The lesson to be learned, is that you will eventually find a friend for your daughter, but you will have to invest time into making it happen. You'll have to continue to educate parents and peers, but please be respectful of their final decision as to include her in group settings.

2 moms found this helpful

Ohhhh this makes me want to cry...I am so sorry to hear that. I think your DD's class needs to be educated on her condition. I'll be she is a wonderful child and while she may have some challenges I think the other parents being brought into the loop can help educate their kids so they can be more inclusive. Ignorance isn't bliss in this situation. Talk to her teacher about your concerns and see how she can help so the other kids can help rather than leave her out.

2 moms found this helpful

Maybe you should do some inviting? I wouldn't worry to much about the reasons why they would not invite her just yet. It may be that since you don't get to spend as much time in the classroom like other moms they don't know you as well? If that doesn't work maybe you can reach out and find others moms in your area who are dealing with some of the same personality quirks that you know would be more patient and understanding. But I think you may make yourself feel worse if you make assumptions about why she is not getting as many invites, though. The reason may not be what you think. Maybe her teacher would have some insight to how she gets along with kids in the class and can offer you some advice about who her closest friends might be or how to get started?

2 moms found this helpful

Why don't you host a party and invite kids from the class? Perhaps its as simple as your the newbies and they don't have your phone #, email, etc. The party doesn't have to be for a reason other than getting friends together.

M.

1 mom found this helpful

MY daughter is 10 and she is undiagnosed because we did not pursue a diagnosis. She has many quirks as well, she does not socialize well with children her own age, but she does wonderful with children who are younger than her. I would not force the issue. Find an age appropriate story hour that your daughter might enjoy. Invite some kids over to your house for some structured playdates ( have planned activities) enroll her in girl scouts and plan on volunteering and attending...but the only part of M.K's response I agree with is basically all kids are different...and if your daughter is not unhappy and does not want to be as social don't force the issue, but if she is unhappy then pursue some of my suggestions= ) You might look into a support group so you could get together and talk with other moms who have children with special needs.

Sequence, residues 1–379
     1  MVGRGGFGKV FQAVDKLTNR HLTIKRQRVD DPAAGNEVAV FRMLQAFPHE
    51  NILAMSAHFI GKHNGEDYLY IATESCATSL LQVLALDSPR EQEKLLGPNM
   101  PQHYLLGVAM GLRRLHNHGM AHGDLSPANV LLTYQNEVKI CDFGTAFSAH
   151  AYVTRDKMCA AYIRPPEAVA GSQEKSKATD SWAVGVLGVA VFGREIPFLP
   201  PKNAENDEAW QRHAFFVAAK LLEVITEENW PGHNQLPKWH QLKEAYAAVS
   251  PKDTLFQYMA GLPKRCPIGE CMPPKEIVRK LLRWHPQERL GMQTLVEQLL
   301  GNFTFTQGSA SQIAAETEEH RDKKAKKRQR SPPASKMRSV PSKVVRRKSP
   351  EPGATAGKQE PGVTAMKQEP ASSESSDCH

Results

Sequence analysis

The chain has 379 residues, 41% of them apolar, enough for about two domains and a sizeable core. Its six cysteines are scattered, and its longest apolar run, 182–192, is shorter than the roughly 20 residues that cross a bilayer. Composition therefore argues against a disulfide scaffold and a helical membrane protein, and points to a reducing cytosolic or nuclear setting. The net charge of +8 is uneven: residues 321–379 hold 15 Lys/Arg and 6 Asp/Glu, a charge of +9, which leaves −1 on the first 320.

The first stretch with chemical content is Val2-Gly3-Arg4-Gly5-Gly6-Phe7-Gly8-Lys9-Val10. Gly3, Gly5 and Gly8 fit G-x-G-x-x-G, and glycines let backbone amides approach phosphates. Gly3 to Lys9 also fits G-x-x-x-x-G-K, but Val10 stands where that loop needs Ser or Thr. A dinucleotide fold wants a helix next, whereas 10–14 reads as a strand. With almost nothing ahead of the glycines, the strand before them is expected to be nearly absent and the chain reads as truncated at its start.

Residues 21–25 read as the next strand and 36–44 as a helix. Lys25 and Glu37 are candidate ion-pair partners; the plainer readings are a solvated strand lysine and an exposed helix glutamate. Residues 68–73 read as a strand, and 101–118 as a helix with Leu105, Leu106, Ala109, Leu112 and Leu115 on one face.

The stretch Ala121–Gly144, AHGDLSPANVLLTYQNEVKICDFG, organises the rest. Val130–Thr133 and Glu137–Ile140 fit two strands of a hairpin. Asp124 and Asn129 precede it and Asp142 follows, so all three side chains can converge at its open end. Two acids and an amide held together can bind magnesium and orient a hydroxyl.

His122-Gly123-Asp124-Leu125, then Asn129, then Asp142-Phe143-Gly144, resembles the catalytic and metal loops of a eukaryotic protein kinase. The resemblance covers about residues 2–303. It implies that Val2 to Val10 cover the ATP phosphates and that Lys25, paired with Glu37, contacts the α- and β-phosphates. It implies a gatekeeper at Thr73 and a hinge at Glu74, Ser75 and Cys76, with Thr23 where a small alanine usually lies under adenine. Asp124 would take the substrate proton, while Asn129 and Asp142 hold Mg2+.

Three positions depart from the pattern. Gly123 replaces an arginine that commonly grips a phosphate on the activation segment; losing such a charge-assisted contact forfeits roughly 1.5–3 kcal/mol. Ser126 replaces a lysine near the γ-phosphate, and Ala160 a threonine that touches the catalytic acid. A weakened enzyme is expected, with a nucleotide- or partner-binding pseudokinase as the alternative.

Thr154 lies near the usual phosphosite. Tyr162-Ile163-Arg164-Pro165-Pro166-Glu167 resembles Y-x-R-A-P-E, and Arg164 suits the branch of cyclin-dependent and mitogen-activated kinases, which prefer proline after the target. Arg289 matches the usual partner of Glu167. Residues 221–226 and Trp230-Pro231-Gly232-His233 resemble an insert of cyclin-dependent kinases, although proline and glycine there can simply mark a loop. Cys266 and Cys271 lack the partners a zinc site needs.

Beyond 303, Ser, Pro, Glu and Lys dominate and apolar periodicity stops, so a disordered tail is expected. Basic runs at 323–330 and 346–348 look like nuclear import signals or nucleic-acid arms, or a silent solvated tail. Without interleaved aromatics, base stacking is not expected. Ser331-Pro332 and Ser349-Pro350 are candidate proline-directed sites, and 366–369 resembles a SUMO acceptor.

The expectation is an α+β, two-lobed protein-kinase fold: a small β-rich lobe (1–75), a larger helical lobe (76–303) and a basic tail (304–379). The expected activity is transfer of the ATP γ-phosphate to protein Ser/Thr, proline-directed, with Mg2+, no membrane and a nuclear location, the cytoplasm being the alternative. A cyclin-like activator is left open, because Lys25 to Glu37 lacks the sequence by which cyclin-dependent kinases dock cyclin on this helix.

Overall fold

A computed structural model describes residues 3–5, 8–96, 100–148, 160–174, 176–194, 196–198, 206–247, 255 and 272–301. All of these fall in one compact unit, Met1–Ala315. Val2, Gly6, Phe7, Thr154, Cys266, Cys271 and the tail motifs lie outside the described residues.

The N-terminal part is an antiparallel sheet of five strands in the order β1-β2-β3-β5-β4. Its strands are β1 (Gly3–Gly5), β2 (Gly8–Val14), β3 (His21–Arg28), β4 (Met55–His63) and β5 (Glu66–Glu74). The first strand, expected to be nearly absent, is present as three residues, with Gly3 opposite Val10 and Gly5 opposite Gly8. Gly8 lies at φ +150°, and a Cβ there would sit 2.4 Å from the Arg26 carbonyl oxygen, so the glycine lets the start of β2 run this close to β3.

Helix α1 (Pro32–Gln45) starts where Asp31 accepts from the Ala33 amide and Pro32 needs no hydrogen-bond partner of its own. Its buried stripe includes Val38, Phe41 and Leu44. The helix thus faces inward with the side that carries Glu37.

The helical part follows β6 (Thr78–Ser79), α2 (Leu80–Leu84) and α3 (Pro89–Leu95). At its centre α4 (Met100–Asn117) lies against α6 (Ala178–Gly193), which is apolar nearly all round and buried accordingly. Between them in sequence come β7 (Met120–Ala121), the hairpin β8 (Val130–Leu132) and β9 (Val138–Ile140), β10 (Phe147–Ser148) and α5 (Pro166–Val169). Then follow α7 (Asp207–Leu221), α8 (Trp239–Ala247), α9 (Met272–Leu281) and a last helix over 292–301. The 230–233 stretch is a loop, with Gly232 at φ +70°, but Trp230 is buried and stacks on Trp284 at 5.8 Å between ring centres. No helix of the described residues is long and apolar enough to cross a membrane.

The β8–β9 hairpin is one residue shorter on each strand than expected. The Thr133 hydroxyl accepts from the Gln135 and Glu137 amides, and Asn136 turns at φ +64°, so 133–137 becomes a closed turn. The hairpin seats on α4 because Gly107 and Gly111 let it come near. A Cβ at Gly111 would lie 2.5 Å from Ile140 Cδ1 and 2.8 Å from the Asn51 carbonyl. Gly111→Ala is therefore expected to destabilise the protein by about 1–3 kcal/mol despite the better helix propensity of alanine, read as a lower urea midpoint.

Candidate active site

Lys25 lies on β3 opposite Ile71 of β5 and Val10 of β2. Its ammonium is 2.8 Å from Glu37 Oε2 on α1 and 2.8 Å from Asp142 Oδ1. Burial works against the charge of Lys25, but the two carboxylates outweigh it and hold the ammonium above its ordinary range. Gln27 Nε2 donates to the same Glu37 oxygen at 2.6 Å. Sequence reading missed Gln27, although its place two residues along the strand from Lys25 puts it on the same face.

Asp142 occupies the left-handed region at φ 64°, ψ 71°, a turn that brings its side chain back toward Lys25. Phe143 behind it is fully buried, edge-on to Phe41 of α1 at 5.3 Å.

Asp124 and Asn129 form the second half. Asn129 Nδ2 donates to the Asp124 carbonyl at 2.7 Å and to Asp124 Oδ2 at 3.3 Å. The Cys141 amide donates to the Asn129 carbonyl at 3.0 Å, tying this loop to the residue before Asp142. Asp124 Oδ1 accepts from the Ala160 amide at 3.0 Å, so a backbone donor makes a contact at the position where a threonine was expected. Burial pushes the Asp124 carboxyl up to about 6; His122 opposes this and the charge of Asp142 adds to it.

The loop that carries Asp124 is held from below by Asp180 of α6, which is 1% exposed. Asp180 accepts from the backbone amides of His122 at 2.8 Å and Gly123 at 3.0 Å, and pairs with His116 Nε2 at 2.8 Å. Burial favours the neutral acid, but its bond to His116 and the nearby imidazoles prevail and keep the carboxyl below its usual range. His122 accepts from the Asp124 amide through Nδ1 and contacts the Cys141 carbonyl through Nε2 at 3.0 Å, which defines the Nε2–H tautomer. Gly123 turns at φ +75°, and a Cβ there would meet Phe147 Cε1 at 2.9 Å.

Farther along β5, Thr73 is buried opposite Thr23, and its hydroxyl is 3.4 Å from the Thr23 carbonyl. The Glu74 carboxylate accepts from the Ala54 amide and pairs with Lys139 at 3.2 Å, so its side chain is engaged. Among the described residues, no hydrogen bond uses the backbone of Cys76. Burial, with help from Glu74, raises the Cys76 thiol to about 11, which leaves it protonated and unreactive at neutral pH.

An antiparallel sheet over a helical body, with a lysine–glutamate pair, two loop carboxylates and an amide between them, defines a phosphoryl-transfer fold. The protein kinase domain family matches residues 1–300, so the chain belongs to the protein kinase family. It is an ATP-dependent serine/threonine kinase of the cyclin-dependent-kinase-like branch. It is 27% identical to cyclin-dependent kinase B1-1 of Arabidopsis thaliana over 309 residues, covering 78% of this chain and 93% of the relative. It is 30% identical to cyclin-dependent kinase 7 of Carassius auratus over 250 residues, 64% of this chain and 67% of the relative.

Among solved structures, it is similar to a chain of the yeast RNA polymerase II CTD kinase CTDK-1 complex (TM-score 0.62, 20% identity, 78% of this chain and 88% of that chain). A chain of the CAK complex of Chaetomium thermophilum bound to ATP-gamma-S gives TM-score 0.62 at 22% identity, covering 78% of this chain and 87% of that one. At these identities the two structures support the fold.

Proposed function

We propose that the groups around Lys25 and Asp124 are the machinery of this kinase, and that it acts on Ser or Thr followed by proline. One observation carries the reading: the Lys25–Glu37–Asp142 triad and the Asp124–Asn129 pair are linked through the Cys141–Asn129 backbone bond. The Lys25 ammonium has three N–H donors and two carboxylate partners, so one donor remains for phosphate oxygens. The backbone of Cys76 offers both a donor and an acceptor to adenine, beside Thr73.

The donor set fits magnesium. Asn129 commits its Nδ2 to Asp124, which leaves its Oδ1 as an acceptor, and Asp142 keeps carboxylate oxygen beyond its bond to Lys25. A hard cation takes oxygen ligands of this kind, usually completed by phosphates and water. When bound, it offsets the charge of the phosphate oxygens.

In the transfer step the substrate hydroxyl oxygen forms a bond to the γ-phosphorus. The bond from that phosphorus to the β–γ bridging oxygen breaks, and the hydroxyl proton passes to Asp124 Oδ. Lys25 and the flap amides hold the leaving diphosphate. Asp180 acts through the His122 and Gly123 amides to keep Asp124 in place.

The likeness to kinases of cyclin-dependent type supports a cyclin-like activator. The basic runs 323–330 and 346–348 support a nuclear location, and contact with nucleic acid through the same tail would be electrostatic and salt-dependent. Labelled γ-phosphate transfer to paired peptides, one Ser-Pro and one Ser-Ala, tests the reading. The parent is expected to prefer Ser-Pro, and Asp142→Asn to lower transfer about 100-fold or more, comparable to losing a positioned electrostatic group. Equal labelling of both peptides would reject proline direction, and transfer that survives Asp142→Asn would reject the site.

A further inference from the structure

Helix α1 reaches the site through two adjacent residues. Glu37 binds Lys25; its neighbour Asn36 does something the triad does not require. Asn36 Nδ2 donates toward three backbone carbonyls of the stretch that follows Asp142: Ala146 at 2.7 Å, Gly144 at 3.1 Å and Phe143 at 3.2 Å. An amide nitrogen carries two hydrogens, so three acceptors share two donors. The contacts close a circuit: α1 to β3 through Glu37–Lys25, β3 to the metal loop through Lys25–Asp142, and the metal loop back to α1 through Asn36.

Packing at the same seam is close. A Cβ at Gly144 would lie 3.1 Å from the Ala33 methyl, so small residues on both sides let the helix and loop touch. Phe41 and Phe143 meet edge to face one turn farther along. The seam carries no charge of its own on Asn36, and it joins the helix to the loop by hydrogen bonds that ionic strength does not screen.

Not every child needs a ton of friends, my daughter is used to having only one close friend.
Also one last suggestion...church is an awesome place for kids to get together socially with like aged grouped kids youth programs.
Good luck to you and your daughter.
B.

1 mom found this helpful

Why not either make her disorder known or search for moms in your area with children of similar issues. Many times it is a matter of people don't understand because they don't know.

In any event, people can be hard and she will
come across that from time to time, we all do. There is someone out there for everyone and soon enough she will pick up her friend that will appreciate her for who she is.

Best wishes.

1 mom found this helpful

I have a daughter with Asperger's as well. In elementary school, she had no playdates and wasn't invited to parties unless the whole class was. We started social skills group therapy in 3rd grade and it did help enormously with her ability to work with peers in the classroom, but still no 1:1 friendships. She attended a middle school for kids with learning issues and did develop several friendships there among other kids like her. Now in high school (she's 15 and in 10th grade) she still has no one she speaks to outside of school, but has made some in-school friends that she sits with at lunch. We consider that a big accomplishment. I also host a support group in Denver for parents of kids like ours, and we all have had similar experiences.
Does she have an IEP? if yes, are there social-emotional goals on the IEP to help her with developing peer relationships? This is very important to have.

1 mom found this helpful